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The wild world of Illinois’ state biologist: Marsh rice mice to swamp rabbits to white-tailed deer

Eric Schauber brings a wide-ranging experience in the wild world and academia to his dual role as Illinois’ state biologist.

Illinois’ state biologist Eric Schauber in the field with a jack-in-the-pulpit. Provided photo
Illinois’ state biologist Eric Schauber in the field with a jack-in-the-pulpit.
Provided

Swamp rabbits, marsh rice rats, white-tailed deer, salamanders, foxes and coyotes are among the creatures in the eclectic life and academic background of Eric Schauber.

Meet Illinois’ state biologist.

When I asked Schauber what the state biologist is supposed to do, he said, “The act is very unclear.”

Glad he said that. I couldn’t tell exactly what was entailed after reading the University of Illinois State Scientific Surveys Act that established the state biologist and other state spots in 2013. Brian Anderson, then director of the Illinois Natural History Survey, was the first state biologist. Schauber, current INHS director, is the second.

He has a defined vision of what he wants to do as state biologist.

“I am emphasizing the communication aspect,” Schauber said. “I look at Jim Angel’s amazing communications as state climatologist.”

Good person to emulate. As a weather buff, I think Angel, former state climatologist, is a god.

So Schauber disseminates information with his take on it.

“There is a real wealth of expertise and knowledge in our state that is a real pleasure to share with folks,” he said.

If you have a natural-world question, email statebiologist@illinois.edu or tweet @ILBiologist.

“I am looking to do an “Ask Me Anything” on Twitter,” he said.

I can see why. He has a wide range of work and interests to draw from.

When I asked what his specialty might be, he said, “If pinned down, I would say wild mammal ecologist, that includes everything from mice to deer.”

That versatility is a strength in his desire to convey information to the public.

“I know enough to engage with experts,” he said. “I am enough of a generalist to talk to experts, to a wide range of biologists.”

Swamp rabbits, which are bigger than the eastern cottontail and have a cinnamon-colored ring around their eyes, are found in southern Illinois. Credit: Friends of the Cache River Watershed
Swamp rabbits, which are bigger than the eastern cottontail and have a cinnamon-colored ring around their eyes, are found in southern Illinois.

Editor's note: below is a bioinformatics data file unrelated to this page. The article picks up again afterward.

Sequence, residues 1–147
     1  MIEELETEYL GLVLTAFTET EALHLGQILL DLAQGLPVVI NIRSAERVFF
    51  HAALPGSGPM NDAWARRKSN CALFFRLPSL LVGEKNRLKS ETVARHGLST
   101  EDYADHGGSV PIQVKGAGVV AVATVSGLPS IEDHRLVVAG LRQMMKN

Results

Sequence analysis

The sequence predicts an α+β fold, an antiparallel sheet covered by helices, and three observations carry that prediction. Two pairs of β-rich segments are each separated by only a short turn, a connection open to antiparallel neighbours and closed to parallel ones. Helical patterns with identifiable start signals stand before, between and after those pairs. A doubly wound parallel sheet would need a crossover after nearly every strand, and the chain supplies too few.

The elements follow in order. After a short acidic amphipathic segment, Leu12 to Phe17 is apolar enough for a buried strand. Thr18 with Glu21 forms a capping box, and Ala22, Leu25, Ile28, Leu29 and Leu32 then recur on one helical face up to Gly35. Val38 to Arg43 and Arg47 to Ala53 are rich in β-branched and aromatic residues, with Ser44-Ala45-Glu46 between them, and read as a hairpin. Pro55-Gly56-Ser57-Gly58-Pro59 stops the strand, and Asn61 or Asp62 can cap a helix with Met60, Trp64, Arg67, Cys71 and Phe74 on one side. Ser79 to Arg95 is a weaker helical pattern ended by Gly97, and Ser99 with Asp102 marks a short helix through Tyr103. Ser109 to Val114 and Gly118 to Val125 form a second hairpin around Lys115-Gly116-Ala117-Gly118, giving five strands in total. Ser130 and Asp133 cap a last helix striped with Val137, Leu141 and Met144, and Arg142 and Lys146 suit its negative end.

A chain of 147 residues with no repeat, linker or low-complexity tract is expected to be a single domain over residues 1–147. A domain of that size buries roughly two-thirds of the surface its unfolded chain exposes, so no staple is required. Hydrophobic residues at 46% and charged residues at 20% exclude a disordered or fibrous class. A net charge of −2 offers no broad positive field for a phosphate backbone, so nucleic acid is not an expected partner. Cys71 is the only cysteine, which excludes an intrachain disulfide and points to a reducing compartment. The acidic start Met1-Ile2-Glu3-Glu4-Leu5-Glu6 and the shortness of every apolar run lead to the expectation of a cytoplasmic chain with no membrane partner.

Friends of the Cache River Watershed

Shortly after he arrived at Southern Illinois University, one of his early grad students was working on swamp rabbits, a mammal that fascinates me.

Southern Illinois is the northern most part of swamp rabbits’ range, especially the Cache River area. Swamp rabbits are specific to bottomland hardwood forests.

And swamp rabbits are coprophages. (Look it up.)

In his duel roles at INHS director and state biologist, Schauber finds the current state of research wide-ranging and very important.

“One of the directions is really promising, trying to use information we know about animals and plants and doing more to project what it will look like in the coming decades, so much is dependent on climatic patterns,” Schauber said.

With climate change, he finds that research vital for predicting what is happening in the natural world and what to focus on conserving.

“The plant pollinator work is really fascinating,” he said. “It is a really rich area of research and we have some great folks working on it.”

Schauber, born and raised in the Northeast, grew up fishing and did some hunting with his father.

He found wildlife biology at the University of Massachusetts.

“A formative experience was working the tunnels under a road outside of Amherst for [spotted] salamanders to cross,” Schauber said.

Volunteers watched the salamanders coming down. They found when it was cold and not very damp, the salamanders would keep circling around the tunnels. Volunteers tried shutting off all lights, but nothing worked.

“One of the biologists, out of frustration, stuck his flashlight in the other end of the tunnel at the salamanders,” Schauber said.

Ergo.

“Sure enough, having that light at the end of the tunnels worked,” Schauber said. “At the moment of discovery, I wanted to be part of that moment of discovery.”